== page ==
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Home > Misc. > Portable Nintendo Arcade Cabinet

Portable Nintendo Arcade Cabinet

September 21st, 2018 Leave a comment Go to comments

A modification of the NES Classic Mini console making it fully portable and adding arcade-like controls.

Datasheet:

Completion date: 20/09/2018
Dimensions: length 21 studs / width 33 studs / height 25 studs
Weight: 2.151 kg

A while ago the NES Classic Mini console has become available again, and I bought one for my wife, who’s a Mario fan. Since the console itself is pretty small, I was wondering about the possibilities of making it fully mobile so it can be used e.g. in a car or on a hammock. Two elements were necessary to use the console: a power supply and a video screen. Since the console is powered using a micro-USB port, it was easy to find that it can run pretty well on a high-capacity USB power bank. As for the screen, small TVs are hard to come by but I happened to own a cheap 7″ CineGEN camera monitor, bought long ago for my DSLR camera, and a camera monitor is essentially a very small TV. With these three devices combined, the NES was fully mobile and all it needed was something to hold them all together neatly.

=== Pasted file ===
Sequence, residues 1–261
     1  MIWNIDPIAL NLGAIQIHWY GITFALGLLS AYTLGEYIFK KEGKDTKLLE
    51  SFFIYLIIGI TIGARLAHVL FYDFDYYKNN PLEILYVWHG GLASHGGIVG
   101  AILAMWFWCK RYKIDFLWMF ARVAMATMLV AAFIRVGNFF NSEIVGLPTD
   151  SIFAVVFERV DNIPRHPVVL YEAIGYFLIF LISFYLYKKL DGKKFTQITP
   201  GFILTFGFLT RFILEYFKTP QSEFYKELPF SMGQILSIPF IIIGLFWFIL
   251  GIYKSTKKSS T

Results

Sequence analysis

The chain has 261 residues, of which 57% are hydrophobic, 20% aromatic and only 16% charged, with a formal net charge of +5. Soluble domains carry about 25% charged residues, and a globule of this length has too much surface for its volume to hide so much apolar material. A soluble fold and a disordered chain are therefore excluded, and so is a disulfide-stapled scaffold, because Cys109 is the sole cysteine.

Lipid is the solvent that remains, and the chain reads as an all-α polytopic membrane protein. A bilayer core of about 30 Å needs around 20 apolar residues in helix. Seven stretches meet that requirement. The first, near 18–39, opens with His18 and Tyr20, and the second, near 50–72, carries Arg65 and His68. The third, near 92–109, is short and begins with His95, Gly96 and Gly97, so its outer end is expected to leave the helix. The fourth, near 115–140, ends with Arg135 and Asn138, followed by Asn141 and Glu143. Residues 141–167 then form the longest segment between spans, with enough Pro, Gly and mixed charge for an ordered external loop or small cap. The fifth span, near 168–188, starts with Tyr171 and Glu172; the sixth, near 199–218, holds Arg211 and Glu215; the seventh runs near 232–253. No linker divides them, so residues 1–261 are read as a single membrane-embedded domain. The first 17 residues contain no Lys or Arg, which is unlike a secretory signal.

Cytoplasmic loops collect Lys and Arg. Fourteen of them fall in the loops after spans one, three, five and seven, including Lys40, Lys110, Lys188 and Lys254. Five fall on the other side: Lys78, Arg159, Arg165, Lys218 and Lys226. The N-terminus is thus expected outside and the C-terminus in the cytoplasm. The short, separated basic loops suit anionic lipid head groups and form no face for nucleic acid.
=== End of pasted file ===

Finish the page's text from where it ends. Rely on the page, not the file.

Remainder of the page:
I’ve decided to build a simple LEGO box for the three devices (four if you count the NES control pad), and also to use this opportunity to change the controls a little. I used to play a lot of 8-bit games on arcade cabinets as a kid, and I’m fond of the arcade-like controls with a joystick and mashable buttons. So I’ve built extra LEGO controls on top of the NES control pad, basically doubling the original buttons but replacing the D-pad with a simple joystick. The joystick had a little play in it and the buttons were slightly less responsive, but all in all everything worked well enough to allow enjoying a game.

The whole device was dead simple, but I felt that it’s worth to share the idea among other NES owners. It could be perhaps adapted to other consoles too – the camera monitor is certainly compatible with them – but this would call for seriously increased size and a power cord for the console. Perhaps the idea can be revisited once the recently announced PS1 Classic Mini is released.

Photos:

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Video:

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